In Ontario, the government sells event tickets for the chance to purchase Pappy Van Winkle. This might seem like a ridiculous concept in a free market society, but since 1916, Ontario has been under prohibition. The only way to buy spirits is through the government owned LCBO.
In the case of Pappy, the LCBO sold $125 tickets to a four course dinner that included whisky pairings. The star of the dinner was the order form that allowed event attendees to place an order for Pappy. The hundred or so tickets sold out online within 5 minutes, and there were reports of system issues.
The LCBO is one of the largest purchasers of alcohol in the world, and it’s the only way to legally purchase spirits in Ontario (with the exception of buying spirits at a distillery, but even those need to go through the LCBO for approval). With a population of over 13 million people, they sell a lot of liquor. Being government owned, though, means finding fairer ways to sell rare releases that are in high demand.
About 240 whiskies were available for purchase at the event. Of those, 100 bottles of Van Winkle 12 Year Old Lot B and the Old Rip Van Winkle 10 Year Old were available. Only 20 bottles of the 15 Year Old Pappy and the Family Special Reserve were available. Chances are, you were going to walk away with one bottle of Van Winkle, but it was less likely you’d get Pappy.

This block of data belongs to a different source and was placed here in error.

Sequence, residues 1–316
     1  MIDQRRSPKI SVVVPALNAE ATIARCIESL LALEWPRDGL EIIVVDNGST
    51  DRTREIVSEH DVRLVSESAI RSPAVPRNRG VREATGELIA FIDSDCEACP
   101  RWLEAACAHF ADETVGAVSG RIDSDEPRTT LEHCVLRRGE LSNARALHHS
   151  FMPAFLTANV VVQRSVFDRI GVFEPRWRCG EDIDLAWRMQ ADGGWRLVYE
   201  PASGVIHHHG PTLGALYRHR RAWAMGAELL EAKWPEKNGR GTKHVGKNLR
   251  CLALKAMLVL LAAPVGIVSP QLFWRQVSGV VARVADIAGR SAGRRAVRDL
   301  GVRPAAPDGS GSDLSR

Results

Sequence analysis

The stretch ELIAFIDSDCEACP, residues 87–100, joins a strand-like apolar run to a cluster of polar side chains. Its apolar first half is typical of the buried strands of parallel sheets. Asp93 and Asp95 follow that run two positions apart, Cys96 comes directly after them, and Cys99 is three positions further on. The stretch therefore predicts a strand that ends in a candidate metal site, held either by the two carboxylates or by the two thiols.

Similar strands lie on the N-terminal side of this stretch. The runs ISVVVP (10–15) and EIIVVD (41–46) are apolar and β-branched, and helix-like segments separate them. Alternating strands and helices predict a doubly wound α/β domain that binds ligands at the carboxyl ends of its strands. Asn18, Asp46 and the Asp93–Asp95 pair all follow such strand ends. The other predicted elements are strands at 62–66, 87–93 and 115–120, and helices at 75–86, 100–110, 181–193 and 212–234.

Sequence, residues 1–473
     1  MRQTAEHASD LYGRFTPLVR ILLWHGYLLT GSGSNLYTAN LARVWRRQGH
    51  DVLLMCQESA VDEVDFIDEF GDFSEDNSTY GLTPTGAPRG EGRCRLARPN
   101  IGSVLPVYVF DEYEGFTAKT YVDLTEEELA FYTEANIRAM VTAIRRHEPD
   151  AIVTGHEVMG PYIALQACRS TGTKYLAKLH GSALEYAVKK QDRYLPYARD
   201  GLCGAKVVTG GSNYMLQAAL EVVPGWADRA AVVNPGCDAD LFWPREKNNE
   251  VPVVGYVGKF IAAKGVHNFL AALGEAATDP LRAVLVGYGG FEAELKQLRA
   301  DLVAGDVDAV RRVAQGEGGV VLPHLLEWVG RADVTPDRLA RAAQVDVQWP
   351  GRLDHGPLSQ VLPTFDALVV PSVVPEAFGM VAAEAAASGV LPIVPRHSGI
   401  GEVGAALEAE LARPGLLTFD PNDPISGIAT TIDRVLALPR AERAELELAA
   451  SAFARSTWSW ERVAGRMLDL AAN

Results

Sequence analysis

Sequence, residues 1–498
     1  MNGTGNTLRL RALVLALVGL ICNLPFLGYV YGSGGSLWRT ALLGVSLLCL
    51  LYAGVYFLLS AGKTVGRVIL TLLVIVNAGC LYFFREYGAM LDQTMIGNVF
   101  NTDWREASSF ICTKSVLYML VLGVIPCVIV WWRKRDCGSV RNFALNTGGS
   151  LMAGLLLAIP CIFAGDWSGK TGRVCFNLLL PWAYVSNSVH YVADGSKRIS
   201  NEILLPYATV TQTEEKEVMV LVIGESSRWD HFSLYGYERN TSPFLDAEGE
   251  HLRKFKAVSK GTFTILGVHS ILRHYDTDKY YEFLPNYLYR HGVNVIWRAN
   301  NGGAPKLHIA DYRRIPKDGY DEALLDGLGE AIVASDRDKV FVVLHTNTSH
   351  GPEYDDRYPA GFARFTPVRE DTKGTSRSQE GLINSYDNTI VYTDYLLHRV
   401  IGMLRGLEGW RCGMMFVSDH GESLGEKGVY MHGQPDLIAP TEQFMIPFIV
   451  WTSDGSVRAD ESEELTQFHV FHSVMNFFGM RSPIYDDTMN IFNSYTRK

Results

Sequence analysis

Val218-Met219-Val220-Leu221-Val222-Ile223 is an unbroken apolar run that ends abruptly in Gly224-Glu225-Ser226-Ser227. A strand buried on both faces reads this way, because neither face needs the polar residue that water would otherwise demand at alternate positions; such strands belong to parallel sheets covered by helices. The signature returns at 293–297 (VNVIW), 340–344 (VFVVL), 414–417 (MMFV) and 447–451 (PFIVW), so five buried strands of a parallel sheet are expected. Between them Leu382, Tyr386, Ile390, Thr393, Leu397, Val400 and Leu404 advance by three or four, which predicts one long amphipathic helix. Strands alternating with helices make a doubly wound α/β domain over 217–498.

We all submitted our forms by the end of the event. Four days later, we learned of the results. No back-alleyway meetings. No grey market. No courting liquor store managers. The prices were at a reasonable range from $85 to $190 a bottle.
Events are not the norm, however. When Buffalo Trace Antique Collection became available in Ontario, orders were taken online. A lottery system was used assign available bottles. People attempted to game the system by asking family members to create accounts and place orders. Some created as many as 20 or 30 accounts. By a limited sample size, I would guess the odds of getting BTAC was one in 30. I wasn’t lucky enough to get any with my one account.
This lottery system is met with mixed reception. True whisky connoisseurs and restauranteurs had better luck obtaining those whiskies by lining up outside of flagship stores the day the bottles went on shelves. Ontario is an oddly populated province, however. Almost 40% of Canadians live in Ontario, and many of those live in Toronto and (to a much lesser degree) Ottawa. The rest of the population is spread across a province that’s eight times the size of England. The LCBO serves the entire province. The lottery system, especially when done through online orders, is seen as a fairer way to serve all of Ontario.
No system is going to please everyone. Collectors will proudly and happily hunt down BTAC and Pappy in the US, and they’ll have an excellent story to share. In Ontario, things are perhaps almost too fair. Regardless, there’s already a lot of tension at the very existence of the LCBO. The pressure to privatize continues. I do wonder, though, if we in Ontario would even get Pappy and BTAC if our purchasers were split between several liquor distributors instead of one big LCBO.
As for my luck, I scored a bottle of the Lot B and the 10 Year Old. Not the ones I wanted, but for $190 (not including the dinner ticket), they’ll make excellent (though perhaps overrated) additions to my whisky cabinet.